Inhumanity to Man: Blindness by José Saramago

So… I’ve been dragging my feet on writing this review. I’ve been procrastinating in part because I found a reviewer on Amazon who already summed up my feelings in a beautifully short paragraph. They write (and I anonymize it to respect their editing rights):

This was a book that made me physically ill. While that is enough to give an opinion, I feel it’s still necessary to break down a critique of the book, to show that I read it and why I feel it is weak literature (among other things).

Pandemic and Pandemonium

A man in traffic is struck by a sudden blindness, a milky white blindness that comes out of nowhere. He is assisted home by some good Samaritans—or not-so-good-Samaritans, as it turns out that his car gets stolen by the man who takes him home. From here, things escalate when it’s discovered the blindness is contagious, rendering victims helpless within minutes or hours of exposure. Soon those who have been affected are rounded up by the government and sent to an old mental asylum to be quarantined. Here, left to their own devices and desires, the group of blind people must fend for themselves, at the mercy of the military and their own cruelty and desperation.

I felt this pandemic novel started very strongly, and I was immediately drawn to Saramago’s “collapsed text” style. Just how collapsed are we talking? For example:

Confidential matters are not dealt with over the telephone, you’d better come here in person. I cannot leave the house, Do you mean you’re ill, Yes, I’m ill, the blind man said after a pause. In that case you ought to call a doctor, a real doctor, quipped the functionary, and, delighted with his own wit, he rang off.

I was reminded of Kafka, so this was right up my alley. I felt it added greatly to the sense of chaos and unease in the story. However, if you dislike this style, you’ll find the entire book very frustrating to read.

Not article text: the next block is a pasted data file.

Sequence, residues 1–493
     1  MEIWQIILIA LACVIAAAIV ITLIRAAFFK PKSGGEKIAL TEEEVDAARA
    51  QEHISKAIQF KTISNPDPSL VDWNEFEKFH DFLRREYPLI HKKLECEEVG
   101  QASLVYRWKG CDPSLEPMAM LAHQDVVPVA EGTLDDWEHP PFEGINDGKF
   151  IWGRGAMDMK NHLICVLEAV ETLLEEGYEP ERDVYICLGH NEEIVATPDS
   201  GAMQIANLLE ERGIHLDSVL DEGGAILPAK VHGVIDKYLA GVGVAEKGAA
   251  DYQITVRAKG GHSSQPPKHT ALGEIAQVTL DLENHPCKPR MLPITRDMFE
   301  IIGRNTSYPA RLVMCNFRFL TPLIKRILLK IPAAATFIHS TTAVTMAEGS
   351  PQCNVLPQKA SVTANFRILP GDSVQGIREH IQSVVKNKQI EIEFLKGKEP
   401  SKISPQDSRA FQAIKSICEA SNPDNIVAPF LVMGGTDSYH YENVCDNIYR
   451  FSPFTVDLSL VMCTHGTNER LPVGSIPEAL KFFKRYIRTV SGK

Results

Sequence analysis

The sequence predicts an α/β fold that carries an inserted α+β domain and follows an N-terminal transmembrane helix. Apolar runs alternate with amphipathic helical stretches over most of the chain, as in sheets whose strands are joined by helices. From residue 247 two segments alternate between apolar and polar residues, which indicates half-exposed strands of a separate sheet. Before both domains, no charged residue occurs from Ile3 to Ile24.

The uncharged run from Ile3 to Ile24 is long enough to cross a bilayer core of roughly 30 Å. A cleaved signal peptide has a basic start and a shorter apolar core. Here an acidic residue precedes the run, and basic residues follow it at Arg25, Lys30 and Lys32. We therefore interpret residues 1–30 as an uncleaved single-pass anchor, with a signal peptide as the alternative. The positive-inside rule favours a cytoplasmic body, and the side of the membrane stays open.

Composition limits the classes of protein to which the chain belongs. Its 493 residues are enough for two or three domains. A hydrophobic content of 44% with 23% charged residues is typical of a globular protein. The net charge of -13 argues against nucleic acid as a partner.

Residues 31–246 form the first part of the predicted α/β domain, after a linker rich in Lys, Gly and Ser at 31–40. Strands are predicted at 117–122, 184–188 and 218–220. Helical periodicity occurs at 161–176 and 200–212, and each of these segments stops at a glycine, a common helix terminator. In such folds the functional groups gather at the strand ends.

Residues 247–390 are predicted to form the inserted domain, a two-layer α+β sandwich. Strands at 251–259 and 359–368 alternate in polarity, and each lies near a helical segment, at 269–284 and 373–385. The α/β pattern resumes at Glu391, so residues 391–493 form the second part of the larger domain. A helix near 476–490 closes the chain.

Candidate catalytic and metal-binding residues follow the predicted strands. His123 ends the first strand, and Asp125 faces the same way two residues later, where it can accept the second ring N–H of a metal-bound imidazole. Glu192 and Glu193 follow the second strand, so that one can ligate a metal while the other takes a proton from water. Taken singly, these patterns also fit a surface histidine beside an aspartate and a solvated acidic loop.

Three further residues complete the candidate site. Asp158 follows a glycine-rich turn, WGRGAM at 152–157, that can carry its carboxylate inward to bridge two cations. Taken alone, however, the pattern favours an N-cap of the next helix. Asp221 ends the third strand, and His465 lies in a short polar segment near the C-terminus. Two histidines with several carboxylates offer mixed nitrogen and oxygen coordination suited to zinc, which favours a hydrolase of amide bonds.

I enjoyed the near-cinematic composition of scenes, starting with the one driver and gradually building up a cast of characters from different walks of life. For the first third or so of the novel, it seemed to me every scene had a purpose and was pretty well crafted.

Once at the mental asylum, things fell apart fast, like Lord of the Flies on steroids. I could not help but compare the two books, even though their premises are so different. Both propose a kind of blackpilled vision of what society looks like without order and civilization. A proper comparison between the two would take a whole ‘nother post (which I may do in the future). Overall, I found Lord of the Flies to be a better reading experience, which I’ll explain later in this review.

Reading Blindness, I kept thinking, This is like a slice of hell. Except I think that Hell—the actual biblical Hell, that is, not Dante’s fiction—is less perverse. As the Amazon reviewer observed, Saramago seems to think his readers have very little imagination.

MAJOR SPOILERS AHEAD – Including discussion of violence against women.

Continue reading “Inhumanity to Man: Blindness by José Saramago”

Mid-Century Dystopia, Part 2: Nineteen Eighty-Four